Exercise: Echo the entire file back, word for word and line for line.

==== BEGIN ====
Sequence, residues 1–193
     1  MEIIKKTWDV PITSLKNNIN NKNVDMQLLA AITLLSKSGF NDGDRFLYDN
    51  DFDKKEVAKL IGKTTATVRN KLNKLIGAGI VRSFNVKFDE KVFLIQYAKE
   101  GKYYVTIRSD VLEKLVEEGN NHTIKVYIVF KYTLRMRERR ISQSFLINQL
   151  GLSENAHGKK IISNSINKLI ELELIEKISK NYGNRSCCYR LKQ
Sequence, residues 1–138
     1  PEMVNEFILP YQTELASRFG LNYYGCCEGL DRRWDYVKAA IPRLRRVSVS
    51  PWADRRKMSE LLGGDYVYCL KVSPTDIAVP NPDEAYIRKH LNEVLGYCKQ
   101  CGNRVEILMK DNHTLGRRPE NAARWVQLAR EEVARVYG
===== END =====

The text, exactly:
Sequence, residues 1–193
     1  MEIIKKTWDV PITSLKNNIN NKNVDMQLLA AITLLSKSGF NDGDRFLYDN
    51  DFDKKEVAKL IGKTTATVRN KLNKLIGAGI VRSFNVKFDE KVFLIQYAKE
   101  GKYYVTIRSD VLEKLVEEGN NHTIKVYIVF KYTLRMRERR ISQSFLINQL
   151  GLSENAHGKK IISNSINKLI ELELIEKISK NYGNRSCCYR LKQ
Sequence, residues 1–138
     1  PEMVNEFILP YQTELASRFG LNYYGCCEGL DRRWDYVKAA IPRLRRVSVS
    51  PWADRRKMSE LLGGDYVYCL KVSPTDIAVP NPDEAYIRKH LNEVLGYCKQ
   101  CGNRVEILMK DNHTLGRRPE NAARWVQLAR EEVARVYG